The main draw of Walks of New York’s WTC Tour & One World Observatory tour may seem to be the pre-reserved tickets to the observatory, but prior to entering the WTC the guide leads a fascinating two-hour tour of the surrounding area. I rarely visit this area myself, feeling there’s something not quite right about gawking around the disaster sites, but I was very glad to have taken this tour and to have learned a more personal side to the events of that day–and the weeks, months and years afterwards.

The tour began at St. Paul’s Chapel, New York City’s oldest public building, which, amazingly, was not damaged at all during the attacks. Even these 18th-century chandeliers were left intact.

St Paul's Chapel
St Paul’s Chapel

The church soon became a refuge for the rescue workers who couldn’t get home after their 12-hour shifts. Messages of support came in from around the world–including these cranes from Nagasaki and Hiroshima survivors.

St. Paul's Chapel
St. Paul’s Chapel

This bell was presented to St. Paul’s in solidarity from the Mayor of London.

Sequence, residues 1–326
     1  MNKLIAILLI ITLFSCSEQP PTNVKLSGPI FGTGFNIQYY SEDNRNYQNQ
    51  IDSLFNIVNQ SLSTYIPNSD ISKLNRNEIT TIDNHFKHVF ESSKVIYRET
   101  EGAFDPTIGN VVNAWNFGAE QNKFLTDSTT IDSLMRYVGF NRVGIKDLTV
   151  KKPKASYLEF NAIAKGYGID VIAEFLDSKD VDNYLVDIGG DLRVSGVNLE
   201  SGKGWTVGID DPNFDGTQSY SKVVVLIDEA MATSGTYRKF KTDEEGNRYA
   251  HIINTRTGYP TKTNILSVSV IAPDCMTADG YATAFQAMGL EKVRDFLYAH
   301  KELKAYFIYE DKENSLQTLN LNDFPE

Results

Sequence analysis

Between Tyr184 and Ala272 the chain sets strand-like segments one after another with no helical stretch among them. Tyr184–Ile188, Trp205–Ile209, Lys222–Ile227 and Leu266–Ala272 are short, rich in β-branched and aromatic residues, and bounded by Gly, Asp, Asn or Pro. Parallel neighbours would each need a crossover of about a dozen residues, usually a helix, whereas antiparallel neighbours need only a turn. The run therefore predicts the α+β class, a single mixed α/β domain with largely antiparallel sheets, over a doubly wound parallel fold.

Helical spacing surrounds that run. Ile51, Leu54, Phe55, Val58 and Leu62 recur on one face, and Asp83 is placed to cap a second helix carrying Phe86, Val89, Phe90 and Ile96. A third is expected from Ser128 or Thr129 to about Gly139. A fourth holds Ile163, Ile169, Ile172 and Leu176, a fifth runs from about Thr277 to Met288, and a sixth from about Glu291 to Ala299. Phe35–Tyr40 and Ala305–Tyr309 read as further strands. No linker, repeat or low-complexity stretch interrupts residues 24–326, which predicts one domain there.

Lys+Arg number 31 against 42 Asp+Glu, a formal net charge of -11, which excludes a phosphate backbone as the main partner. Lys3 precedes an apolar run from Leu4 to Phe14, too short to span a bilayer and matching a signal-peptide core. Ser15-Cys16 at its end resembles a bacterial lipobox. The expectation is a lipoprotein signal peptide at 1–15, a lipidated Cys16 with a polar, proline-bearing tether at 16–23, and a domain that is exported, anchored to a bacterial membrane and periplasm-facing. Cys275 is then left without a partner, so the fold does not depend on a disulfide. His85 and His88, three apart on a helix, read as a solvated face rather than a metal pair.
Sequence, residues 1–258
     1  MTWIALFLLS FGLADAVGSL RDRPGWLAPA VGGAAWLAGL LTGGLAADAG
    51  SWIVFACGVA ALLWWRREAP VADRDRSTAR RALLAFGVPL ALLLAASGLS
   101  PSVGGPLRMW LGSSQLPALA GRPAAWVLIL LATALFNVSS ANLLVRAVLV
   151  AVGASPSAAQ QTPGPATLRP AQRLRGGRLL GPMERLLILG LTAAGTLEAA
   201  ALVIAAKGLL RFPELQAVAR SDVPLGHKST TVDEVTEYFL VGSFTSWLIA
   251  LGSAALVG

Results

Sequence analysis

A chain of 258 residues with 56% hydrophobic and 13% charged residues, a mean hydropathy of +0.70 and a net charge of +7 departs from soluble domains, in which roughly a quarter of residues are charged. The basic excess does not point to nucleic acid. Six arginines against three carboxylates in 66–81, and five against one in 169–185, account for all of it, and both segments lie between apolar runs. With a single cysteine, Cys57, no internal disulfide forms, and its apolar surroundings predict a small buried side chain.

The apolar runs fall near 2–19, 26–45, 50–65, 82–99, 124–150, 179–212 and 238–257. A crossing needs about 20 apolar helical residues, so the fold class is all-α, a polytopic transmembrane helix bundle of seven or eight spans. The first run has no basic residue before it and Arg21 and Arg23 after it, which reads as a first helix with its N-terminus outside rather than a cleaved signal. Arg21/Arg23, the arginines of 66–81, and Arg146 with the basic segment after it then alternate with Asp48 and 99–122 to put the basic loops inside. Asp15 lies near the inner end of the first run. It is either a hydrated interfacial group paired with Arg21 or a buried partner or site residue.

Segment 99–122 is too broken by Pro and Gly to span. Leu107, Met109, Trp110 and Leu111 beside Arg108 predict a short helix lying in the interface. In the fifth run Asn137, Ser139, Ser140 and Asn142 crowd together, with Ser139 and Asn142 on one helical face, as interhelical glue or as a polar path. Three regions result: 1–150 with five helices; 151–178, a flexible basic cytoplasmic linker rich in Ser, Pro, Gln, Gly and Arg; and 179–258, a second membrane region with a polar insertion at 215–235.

St. Paul's Chapel
St. Paul’s Chapel

The new transit hub at Fulton Center has recently been completed.

Fulton Center
Fulton Center

The mix of old and new architecture in Lower Manhattan is striking. This is the Woolworth building, completed in 1913, parts of which are being developed into luxury apartments.

Woolworth Building
Woolworth Building
Woolworth Building
Woolworth Building

Speaking of luxury apartments, here is “New York by Gehry,” the tallest residential tower in the Americas.

Frank Gehry
Frank Gehry
Modern and Romanesque
Modern and Romanesque

Santiago Calatrava’s World Trade Center Transit Hub is years overdue and millions of dollars over budget. Still, here’s a look at the Oculus in construction.

The Oculus in construction
The Oculus in construction

And the PATH station’s Platform B.

PATH Station at WTC
PATH Station at WTC

Brookfield Place, when it was called the World Financial Center was terribly damaged on 9/11. The Winter Garden, which had all the windows blown out, has been beautifully restored and has been expanded to hold a variety of great food vendors, including Le District, a kind of French Eataly.

Brookfield Place
Brookfield Place
The Oculus from Brookfield Plaza
The Oculus from Brookfield Plaza
Waterfront Plaza
Waterfront Plaza
Memorial
Memorial

So to the observatory. Super high-speed elevators whisk visitors 102 floors up in about 40 seconds. During that brief time, video screens inside the elevators show a CGI timelapse of New York City history–the landscape of Lower Manhattan from the year 1500 until today. It was one of my favourite parts.